“I thought last year we felt so good after our series with Colorado, and after a fantastic series against Detroit, I think we felt that this might be the year. Then Chicago wiped us out. We want to win this bad. We think the whole Bay Area would like to see the Stanley Cup brought out this way. We feel this could be the year again, we have made some changes. I think Doug Wilson did a great job in the offseason. We hope this is the year. We have added some pieces, we just need to play hard and win.”
- In San Jose Sharks defenseman Douglas Murray’s radio interview with THN/XM last week, he discussed being taken so high in the draft that the round did not exist any more (8th round), that the NHL opening the season in Europe is good for the growth of the game, that time spent in the AHL was good for his development as a defenseman, that he is rooting for San Jose-based heavyweight Cain Velasquez against Brock Lesnar at UFC 121 and that he attends local Strikeforce MMA events when the team is in town, and that he wished boxing was a more high profile sport like it was in the past. Great interview.
20+ FANS FORMED THE 'GOOCH IS LOOSE' SECTION SAT VS. ATL
MORE FANS IN THE SETOGUCHI CHEERING SECTION
MORE FANS IN THE SETOGUCHI CHEERING SECTION
- San Jose Sharks right wing Devin Setoguchi had his own 20-25 person cheering section at Saturday night’s game against the Atlanta Thrashers. Donned in yellow ‘The Gooch is loose’ shirts, with ‘Hands off the Gooch’ and a #16 on the back, they were in postseason form for the home opener at HP Pavilion. Several wore yellow wigs, headbands, panda and racoon hats, and fake playoff beards. Not sure if it was a company party, or a tailgate session gone out of control, but they received quite a bit of attention during the game.
- On ESPN’s opening power rankings maintained by Pierre LeBrun, the Sharks dropped from 7th to 14th. Sports Illustrated’s power rankings with a fairly humorous methodology explained by Allan Muir dropped the Sharks from 5th to 15th.
- Sports Illustrated’s Jim Kelley has an interesting analysis on the continuing ramifications of the Ilya Kovalchuk contract saga in New Jersey, and how the Devils were forced to ice less than the 18 skater/2 goalie minimum for multiple games. Up against the $59.4 million NHL salary cap, and with injuries to Anton Volchenkov and forward Brian Rolston, GM Lou Lamoriello was forced to shorten his bench. According to box scores, the Devils dressed 18 skaters against Washington, 15 against Pittsburgh, 16 against Buffalo, 15 against Pittsburgh, and a full compliment against Colorado and Boston. The Devils have started the season 1-4.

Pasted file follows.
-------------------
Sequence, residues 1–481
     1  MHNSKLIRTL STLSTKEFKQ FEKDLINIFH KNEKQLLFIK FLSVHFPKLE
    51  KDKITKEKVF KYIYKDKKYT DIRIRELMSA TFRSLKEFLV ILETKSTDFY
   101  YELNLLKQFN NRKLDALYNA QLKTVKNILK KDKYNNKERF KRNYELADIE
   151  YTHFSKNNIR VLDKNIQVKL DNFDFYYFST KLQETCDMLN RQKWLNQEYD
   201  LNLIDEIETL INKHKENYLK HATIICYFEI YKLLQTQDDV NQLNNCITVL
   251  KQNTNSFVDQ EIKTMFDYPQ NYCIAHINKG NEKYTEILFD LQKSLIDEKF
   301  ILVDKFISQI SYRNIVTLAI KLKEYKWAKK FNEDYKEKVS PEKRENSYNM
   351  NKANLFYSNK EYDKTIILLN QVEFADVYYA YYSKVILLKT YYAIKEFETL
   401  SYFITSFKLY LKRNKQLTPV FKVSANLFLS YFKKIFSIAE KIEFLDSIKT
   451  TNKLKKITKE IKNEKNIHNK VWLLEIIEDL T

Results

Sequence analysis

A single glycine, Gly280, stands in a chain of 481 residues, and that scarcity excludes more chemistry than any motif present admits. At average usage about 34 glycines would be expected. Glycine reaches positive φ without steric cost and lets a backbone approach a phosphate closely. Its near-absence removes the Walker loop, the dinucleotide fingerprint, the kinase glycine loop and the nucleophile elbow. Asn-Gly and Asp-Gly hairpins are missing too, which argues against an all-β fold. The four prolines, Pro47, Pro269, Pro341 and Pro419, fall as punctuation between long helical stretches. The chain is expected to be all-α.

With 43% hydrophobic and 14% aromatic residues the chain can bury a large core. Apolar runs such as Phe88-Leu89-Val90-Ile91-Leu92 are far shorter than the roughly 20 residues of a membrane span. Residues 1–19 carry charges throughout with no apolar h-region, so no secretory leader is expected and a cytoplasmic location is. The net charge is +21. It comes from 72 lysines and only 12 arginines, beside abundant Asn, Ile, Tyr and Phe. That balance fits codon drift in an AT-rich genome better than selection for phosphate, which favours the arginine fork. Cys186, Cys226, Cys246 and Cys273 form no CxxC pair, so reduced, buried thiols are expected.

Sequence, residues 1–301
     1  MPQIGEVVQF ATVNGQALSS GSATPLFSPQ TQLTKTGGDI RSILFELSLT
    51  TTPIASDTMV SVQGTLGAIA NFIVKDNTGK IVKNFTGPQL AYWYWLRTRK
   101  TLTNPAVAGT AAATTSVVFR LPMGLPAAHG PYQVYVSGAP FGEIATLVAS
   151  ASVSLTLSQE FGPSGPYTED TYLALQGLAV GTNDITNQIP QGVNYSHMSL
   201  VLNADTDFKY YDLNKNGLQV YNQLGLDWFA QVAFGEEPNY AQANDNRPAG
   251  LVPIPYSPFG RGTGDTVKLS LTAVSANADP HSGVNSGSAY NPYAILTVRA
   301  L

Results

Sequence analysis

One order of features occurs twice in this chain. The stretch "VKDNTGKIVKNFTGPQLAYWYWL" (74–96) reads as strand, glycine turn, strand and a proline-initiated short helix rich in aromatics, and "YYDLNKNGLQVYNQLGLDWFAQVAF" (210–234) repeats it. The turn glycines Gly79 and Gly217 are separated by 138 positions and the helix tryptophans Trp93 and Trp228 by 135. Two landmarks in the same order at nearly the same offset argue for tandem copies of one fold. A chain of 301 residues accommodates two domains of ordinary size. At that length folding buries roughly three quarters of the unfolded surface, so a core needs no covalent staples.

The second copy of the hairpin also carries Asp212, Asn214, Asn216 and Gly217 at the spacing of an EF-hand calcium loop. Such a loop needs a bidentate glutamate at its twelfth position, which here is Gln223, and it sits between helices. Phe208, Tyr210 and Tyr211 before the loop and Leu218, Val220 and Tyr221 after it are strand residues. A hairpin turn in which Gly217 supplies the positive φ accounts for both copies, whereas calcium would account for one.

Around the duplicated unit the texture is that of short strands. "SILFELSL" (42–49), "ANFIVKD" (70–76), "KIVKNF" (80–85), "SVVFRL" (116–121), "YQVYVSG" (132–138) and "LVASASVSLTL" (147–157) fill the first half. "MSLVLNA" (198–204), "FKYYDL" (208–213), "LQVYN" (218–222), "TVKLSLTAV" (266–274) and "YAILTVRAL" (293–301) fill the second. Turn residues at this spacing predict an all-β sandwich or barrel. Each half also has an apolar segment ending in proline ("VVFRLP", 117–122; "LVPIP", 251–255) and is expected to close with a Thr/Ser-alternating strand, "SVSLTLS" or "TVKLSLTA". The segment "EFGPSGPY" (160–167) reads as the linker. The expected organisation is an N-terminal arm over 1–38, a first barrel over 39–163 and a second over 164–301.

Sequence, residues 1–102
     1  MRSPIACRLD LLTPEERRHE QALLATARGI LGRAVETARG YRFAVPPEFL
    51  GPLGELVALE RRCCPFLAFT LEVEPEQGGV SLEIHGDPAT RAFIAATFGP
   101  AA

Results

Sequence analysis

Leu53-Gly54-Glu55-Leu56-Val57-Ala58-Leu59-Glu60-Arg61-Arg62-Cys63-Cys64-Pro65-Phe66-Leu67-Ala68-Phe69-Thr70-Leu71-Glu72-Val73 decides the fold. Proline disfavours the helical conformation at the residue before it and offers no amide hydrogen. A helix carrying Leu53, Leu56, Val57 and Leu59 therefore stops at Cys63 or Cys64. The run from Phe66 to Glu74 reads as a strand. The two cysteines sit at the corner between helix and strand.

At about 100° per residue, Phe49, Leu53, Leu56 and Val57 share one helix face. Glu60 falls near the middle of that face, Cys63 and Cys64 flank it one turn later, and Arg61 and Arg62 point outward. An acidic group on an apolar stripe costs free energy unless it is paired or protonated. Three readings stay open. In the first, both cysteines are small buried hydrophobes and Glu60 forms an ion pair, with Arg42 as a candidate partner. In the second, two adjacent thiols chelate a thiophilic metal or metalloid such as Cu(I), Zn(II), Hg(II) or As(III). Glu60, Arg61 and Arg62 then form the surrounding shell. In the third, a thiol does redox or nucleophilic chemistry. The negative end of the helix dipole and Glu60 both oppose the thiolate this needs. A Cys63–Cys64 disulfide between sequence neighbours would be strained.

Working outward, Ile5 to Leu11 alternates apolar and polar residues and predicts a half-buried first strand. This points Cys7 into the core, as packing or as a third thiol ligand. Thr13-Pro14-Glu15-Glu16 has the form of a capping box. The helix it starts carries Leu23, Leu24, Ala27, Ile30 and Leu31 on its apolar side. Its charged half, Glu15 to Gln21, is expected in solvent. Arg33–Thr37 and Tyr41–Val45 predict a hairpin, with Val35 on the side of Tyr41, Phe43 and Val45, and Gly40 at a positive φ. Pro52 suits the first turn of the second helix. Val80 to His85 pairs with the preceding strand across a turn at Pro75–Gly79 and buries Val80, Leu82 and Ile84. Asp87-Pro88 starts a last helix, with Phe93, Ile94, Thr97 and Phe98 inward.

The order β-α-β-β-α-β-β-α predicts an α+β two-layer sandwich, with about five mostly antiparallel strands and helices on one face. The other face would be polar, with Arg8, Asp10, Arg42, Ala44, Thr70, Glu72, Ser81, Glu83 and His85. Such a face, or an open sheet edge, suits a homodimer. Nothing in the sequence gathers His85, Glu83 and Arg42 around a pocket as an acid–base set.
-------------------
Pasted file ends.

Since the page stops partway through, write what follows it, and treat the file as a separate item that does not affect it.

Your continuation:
Even with the shortened bench, the Devils have spread out ice time with no player registering in the top-50 in time on ice. Henrik Tallinder leads the team with a 21:54/TOI average per game, 65th in the NHL. Chicago’s Duncan Keith leads the NHL with a 30:08 after 7 games played, San Jose Sharks defenseman Dan Boyle is second with a 27:32/TOI average after only 3 games.
Last year tight against the salary cap, the Sharks registered the most player transactions in the NHL. Winger Jamie McGinn earned the Road Warrior title as the player with the most callups and assignments to the AHL (14). Even with the large number of roster moves, the Sharks were still able to ice 18 skaters and 2 goaltenders. The last time I can remember the team intentionally icing less than 20 players was the night of Joe Thornton’s trade. Marco Sturm, Brad Stuart and Wayne Primeau were held off the ice after the pre-game skate but before the start of the game. The Sharks had only 2 players in reserve, so they played the game with 17 skaters and 2 goaltenders.
- The NHL heavyweight enforcer as an anachronism debate was discussed this weekend by Larry Brooks. “It was different back in the day when Dave Semenko rode shotgun for Wayne Gretzky, different because it was another time, different because Semenko often skated on the same line as No. 99, and thus presented a clear and present danger to foes who dared breathe on The Great One,” Brooks said of the noted enforcer who finished with 1175 PIMs in his 9-year career.
Before Jody Shelley, who was once described as a “nuclear deterrent” by then-head coach Ron Wilson, was traded from San Jose to New York last year he made a concerted effort to deliver a net front presence and contribute along the boards. It was an effort that was hard for him to maintain over 82 games in part because of his other responsibilities.
When Jody Shelley moved on to Philadelphia, the New York Rangers brought in possibly the most feared heavyweight enforcer in the NHL, Derek Boogard. It was a controversial roster decision. Brooks notes that team-wide toughness, and the fact that other enforcers tend to avoid the 6-foot-7, 285-pound Boogard, nullifies the benefits he brings to the team. The modern NHL as a whole may be moving away from limited players who can not play at both ends of the ice.